Selected scientific publications on diving medicine and physiology.

2011 Jan 1
A Neuro-fuzzy Approach of Bubble Recognition in Cardiac Video Processing
Chefiri H., Zain J.M.m El-Qawasmeh E., Parlak I.B., Egi S.M., Ademoglu A., Balestra C., Germonpre P., Marroni A., Aydin S.

2D echocardiography which is the golden standard in clinics becomes the new trend of analysis in diving via its high advantages in portability for diagnosis. By the way, the major weakness of this system is non-integrated analysis platform for bubble recognition. In this study, we developed a full automatic method to recognize bubbles in videos. Gabor Wavelet based neural networks are commonly used in face recognition and biometrics. We adopted a similar approach to overcome recognition problem by training our system through real bubble morphologies. Our method does not require a segmentation step which is almost crucial in several studies. Our correct detection rate varies between 82.7-94.3%. After the detection, we classified our findings on ventricles and atria using fuzzy k-means algorithm. Bubbles are clustered in three different subjects with 84.3-93.7% accuracy rates. We suggest that this routine would be useful in longitudinal analysis and subjects with congenital risk factors

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2010 Dec 10
The musculus pterygoïdeus proprius: an in-vivo approach with magnetic resonance imaging
Snoeck T1, Provyn S, Balestra C, Parlak B, Emonts P, Sesbouë B, Clarys JP.

There is a limited understanding of the normal function of the pterygoïdeus proprius muscle and the role that this muscle may have in temporomandibular disorders. Despite a well-described anatomical in-vitro approach to this muscle, there are still difficulties in investigating the fossa pterygopalatina. This study reveals an alternative in-vivo approach by magnetic resonance imaging to visualise the muscle in the fossa pterygopalatina on 78 head halves, describe the connections with the musculus temporalis and pterygoïdeus lateralis as well as report the incidence without dealing with the known inconveniences of the dissection approach. The results show an incidence of 12.82% for the musculus pterygoïdeus proprius equally divided between both genders. Two different types of bridging between the musculus temporalis and musculus pterygoïdeus lateralis were also found: (i) 'O' shape (6.41%) and (ii) 'Y' shape (6.41%). This study suggests the use of magnetic resonance imaging to investigate the different connections between vascular and muscular structures in the fossa pterygopalatina. Further research with this approach to link the appearance of the muscle with neurovascular entrapment syndromes is warranted.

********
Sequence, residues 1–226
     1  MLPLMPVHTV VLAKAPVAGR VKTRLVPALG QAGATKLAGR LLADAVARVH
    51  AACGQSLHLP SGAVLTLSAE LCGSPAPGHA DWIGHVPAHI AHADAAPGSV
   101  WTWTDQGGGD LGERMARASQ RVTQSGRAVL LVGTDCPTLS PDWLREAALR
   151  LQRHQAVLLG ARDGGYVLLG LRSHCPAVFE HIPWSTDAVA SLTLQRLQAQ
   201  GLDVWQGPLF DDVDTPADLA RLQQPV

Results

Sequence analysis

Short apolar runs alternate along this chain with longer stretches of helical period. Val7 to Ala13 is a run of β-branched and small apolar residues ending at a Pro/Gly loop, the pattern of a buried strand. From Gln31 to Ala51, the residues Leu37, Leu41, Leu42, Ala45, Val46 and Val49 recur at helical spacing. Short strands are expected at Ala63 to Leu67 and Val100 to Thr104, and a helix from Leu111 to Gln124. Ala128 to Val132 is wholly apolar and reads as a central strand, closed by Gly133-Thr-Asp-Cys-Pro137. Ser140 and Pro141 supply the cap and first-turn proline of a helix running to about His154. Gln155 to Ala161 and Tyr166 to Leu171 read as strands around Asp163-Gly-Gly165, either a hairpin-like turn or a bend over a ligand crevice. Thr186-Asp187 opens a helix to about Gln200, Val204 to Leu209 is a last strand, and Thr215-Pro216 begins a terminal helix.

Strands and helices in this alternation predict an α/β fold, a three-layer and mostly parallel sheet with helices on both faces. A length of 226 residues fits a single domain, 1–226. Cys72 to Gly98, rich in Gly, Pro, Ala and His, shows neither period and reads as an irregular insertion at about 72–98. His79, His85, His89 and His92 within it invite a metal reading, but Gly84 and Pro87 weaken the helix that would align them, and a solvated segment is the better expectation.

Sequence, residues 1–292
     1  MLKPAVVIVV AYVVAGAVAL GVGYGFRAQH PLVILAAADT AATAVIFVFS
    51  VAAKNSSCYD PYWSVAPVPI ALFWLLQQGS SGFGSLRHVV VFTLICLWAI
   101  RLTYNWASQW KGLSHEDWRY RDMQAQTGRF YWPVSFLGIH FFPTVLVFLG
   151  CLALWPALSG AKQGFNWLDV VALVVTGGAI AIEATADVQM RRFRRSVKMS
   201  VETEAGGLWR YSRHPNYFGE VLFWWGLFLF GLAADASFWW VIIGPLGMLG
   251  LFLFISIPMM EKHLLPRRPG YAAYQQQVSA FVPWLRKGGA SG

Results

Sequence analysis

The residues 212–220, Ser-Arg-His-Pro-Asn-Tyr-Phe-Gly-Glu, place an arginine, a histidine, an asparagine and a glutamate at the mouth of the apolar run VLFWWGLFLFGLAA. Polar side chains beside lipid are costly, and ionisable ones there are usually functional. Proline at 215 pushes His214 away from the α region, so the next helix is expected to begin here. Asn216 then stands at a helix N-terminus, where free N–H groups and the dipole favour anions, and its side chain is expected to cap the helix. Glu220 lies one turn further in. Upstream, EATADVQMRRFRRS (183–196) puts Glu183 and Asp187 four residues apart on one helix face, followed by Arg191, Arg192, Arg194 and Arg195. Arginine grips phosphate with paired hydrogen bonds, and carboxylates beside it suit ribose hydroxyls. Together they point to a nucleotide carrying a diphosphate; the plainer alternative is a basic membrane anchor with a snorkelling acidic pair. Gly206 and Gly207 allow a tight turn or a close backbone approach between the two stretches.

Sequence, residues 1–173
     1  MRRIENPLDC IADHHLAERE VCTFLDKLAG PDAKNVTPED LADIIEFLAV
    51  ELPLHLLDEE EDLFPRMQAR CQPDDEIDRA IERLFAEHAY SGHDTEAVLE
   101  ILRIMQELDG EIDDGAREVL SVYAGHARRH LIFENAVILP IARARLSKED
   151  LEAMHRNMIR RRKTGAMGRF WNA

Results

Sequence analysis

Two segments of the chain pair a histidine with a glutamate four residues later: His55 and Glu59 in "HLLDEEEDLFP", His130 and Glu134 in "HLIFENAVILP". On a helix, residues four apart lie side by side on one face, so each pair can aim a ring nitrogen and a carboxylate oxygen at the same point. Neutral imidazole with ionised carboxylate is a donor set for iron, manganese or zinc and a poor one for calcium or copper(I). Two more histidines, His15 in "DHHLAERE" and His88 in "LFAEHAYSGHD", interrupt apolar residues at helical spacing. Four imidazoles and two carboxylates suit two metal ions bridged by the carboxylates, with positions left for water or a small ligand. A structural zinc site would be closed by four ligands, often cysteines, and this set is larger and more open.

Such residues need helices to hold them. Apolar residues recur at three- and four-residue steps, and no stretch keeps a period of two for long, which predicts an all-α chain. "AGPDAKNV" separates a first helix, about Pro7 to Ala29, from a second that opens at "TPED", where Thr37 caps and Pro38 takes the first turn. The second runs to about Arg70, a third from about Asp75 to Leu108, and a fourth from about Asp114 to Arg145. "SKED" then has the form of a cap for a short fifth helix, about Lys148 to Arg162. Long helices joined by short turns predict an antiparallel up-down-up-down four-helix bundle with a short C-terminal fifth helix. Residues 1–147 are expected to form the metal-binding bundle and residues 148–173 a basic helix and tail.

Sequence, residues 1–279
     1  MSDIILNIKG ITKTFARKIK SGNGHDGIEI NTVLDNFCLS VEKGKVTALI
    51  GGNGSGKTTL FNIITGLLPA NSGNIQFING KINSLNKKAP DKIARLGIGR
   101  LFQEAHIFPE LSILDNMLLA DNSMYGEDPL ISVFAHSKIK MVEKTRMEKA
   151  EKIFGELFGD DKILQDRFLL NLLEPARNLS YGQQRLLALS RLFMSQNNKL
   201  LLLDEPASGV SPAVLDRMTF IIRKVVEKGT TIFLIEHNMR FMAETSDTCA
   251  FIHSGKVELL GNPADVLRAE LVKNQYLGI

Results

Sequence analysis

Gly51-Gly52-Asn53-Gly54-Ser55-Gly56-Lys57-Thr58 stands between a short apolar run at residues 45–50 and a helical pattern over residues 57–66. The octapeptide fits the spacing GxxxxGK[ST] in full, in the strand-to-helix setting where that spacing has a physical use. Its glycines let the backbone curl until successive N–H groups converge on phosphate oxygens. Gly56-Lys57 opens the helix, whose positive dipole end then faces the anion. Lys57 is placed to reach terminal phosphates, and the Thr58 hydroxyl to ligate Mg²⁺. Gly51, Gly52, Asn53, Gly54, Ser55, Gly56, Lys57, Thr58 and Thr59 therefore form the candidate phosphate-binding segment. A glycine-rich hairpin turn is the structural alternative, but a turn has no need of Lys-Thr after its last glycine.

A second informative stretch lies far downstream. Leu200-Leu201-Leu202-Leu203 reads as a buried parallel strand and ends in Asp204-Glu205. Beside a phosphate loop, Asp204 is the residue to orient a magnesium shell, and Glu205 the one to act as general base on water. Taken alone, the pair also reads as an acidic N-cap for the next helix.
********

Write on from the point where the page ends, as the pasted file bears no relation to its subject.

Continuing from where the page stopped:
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2010 Sep 10
Evaluation of critical flicker fusion frequency and perceived fatigue in divers after air and enriched air nitrox diving
Lafère P, Balestra C, Hemelryck W, Donda N, Sakr A, Taher A, Marroni S, Germonpré P.

INTRODUCTION: Many divers report less fatigue following dives breathing enriched air nitrox (EANx) compared with breathing air. A reduction of post-dive fatigue with EANx would suggest a pathological origin, possibly the presence of asymptomatic nitrogen bubbles in the body after a dive.

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2010 Apr 1
Automatic bubble detection with neural networks on post decompression frames
Parlak I.B., Egi S.M., Ademoglu A., Balestra C., Germonpre P., Marroni A., Aydin S

Post decompression records in echocardiography are considered to detect micro bubbles and to survey unexplained decompression sickness which is commonly examined by standardized methods such as dive computers and tables. In this study, existent bubbles are detected on transthoracic echicardiografic frames recorded after recreational diving. Bubble detection is performed by Artificial Neural Networks which are trained using bubbles with different morphologies. We showed that bubbles would be detected on four cardiac chambers without image segmentation.

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2010 Jan 2
Decompression illness medically reported by hyperbaric treatment facilities: cluster analysis of 1929 cases
Ozyigit T, Egi SM, Denoble P, Balestra C, Aydin S, Vann R, Marroni A.

INTRODUCTION: The term decompression illness (DCI) describes maladies resulting from inadequate decompression, but there is little consensus concerning clinically useful DCI subclasses. Our aim was to explore an objective DCI classification using multivariate statistics to assess naturally associated clusters of DCI manifestations. We also evaluated their mapping onto other DCI classifications and investigated the association with therapeutic outcome.

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